State says indictment against PM expected by summer's end
Police, State Prosecutor's Office sources report of tense session between National Fraud Unit investigators, Prime minister Olmert. Latter said to be cooperative, sketchy on cardinal details. Police say he failed to refute suspicions against him
The State is expected to finalize an indictment against Prime Minister Ehud Olmert by the end of the summer, a senior source at the State Prosecutor's Officer told Yedioth Ahronoth on Sunday.
Legal sources familiar with the ongoing investigation against the prime minister, however, stressed that any indictment would by subject to a hearing – a legal precedent set by former President Moshe Katsav's case – and therefore "we may still be surprised."
National Fraud Unit investigators questioned Olmert for the second time over the weekend. The prime minister was reportedly cooperative, but failed to explain several key points, claiming he does not recall details.
According to the report, "The investigators got the impression that while (Olmert) was trying to make sure his testimony was as parallel to (Morris) Talansky's as possible, he also made sure to refute (Attorney Uri) Messer's testimony to the best of his ability."
Olmert was able to see preliminary transcripts of Talansky's questioning, but those pertaining to Messer's questioning were revealed to him only after he himself was questioned by the police.
Olmert reportedly referred to Messer – considered a close confidant for some 30 years – as his "personal bank," adding he has "absolute faith the (Messer) was running the finances properly and reporting them in accordance with the law."
As for Messer's claims that he gave Olmert's former Bureau Chief Shula Zaken packets full of cash to give to him, the prime minister stressed that he never receives any funds from either of them.
The police are now trying to find an explanation for the gaps between the amounts of money allegedly paid by Talansky to the amounts found.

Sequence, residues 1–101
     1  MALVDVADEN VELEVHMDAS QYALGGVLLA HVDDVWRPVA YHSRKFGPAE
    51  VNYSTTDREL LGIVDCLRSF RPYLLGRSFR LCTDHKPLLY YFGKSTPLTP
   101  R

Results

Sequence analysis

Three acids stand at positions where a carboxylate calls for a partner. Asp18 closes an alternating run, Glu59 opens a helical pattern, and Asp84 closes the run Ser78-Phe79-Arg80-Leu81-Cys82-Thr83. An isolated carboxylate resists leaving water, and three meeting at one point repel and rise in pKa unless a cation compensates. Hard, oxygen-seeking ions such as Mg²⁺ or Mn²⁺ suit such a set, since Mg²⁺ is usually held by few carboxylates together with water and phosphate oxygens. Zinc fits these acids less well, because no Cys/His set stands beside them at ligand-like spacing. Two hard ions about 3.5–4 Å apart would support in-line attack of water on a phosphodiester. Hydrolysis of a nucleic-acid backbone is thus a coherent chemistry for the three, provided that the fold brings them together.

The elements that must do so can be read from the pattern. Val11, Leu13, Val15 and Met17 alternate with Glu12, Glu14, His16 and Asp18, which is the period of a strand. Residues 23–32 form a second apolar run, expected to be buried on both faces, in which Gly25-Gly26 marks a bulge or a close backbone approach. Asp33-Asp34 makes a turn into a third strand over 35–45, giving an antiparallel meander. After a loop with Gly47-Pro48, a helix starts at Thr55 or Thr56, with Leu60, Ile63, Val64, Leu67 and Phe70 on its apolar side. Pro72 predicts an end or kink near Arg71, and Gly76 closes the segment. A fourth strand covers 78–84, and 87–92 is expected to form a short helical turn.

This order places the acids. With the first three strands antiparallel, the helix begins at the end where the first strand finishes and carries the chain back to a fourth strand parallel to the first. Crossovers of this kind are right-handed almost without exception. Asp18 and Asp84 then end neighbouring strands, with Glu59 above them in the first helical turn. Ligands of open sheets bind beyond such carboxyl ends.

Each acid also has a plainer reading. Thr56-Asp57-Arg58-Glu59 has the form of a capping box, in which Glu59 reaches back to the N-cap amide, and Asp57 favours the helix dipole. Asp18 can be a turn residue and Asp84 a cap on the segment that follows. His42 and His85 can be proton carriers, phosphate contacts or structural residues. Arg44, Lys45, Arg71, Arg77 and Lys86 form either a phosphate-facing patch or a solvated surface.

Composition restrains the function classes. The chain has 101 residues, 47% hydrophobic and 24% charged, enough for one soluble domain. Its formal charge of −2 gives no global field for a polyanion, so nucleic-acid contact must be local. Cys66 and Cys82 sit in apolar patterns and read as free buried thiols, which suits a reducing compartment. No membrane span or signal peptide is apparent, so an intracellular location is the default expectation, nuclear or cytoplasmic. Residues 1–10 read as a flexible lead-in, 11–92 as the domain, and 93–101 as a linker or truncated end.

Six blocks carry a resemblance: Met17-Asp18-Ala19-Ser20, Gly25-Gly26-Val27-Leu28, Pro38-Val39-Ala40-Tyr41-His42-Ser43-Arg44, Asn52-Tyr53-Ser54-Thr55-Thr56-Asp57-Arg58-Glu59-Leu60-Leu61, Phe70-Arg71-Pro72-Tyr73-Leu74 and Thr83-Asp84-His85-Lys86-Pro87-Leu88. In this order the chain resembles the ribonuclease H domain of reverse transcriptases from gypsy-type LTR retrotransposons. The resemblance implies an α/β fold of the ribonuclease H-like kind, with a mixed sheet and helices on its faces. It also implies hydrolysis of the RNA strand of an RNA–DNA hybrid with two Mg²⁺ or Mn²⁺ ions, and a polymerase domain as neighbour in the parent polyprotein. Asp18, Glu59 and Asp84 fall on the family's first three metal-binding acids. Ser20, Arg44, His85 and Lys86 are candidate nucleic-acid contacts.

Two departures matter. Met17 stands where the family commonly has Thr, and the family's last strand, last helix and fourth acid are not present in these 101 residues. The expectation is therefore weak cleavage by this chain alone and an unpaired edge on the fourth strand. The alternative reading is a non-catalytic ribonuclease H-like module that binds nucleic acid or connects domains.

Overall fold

Olmert further denied that Talansky paid for his vacation in Italy, and denied ever assisting him in a South African arms deal.
The questioning session itself, added the report, was tense: Olmert reportedly slammed police investigator for the continuing leaks to the media regarding his case; but his attempts to refute the suspicions against him, however, failed.
Police reject claims of leaks
Meanwhile Sunday, the police strongly rejected Olmert's claims that details from his investigation had been leaked to the press. A statement issued Sunday said that "the Israel Police view as serious any attempts to claim that they are responsible for leaks from the prime minister's investigation.
"The investigation team headed by Brigadier-General Shlomi Ayalon is doing its job in a professional and responsible manner, away from the limelight, in a bid to reach the truth.
"We regret the conduct of different elements familiar with the investigation's details, who are revealing its details and moves out of various interests, in order to divert the attention to issues which have nothing to do with the matter."
It is unclear who the police are referring to in the statement: Sources in the State Prosecutor's Office, or rather the lawyers of the affair's main suspects – Ehud Olmert, Shula Zaken, Uri Messer or Morris Talansky.
Efrat Weiss contributed to this report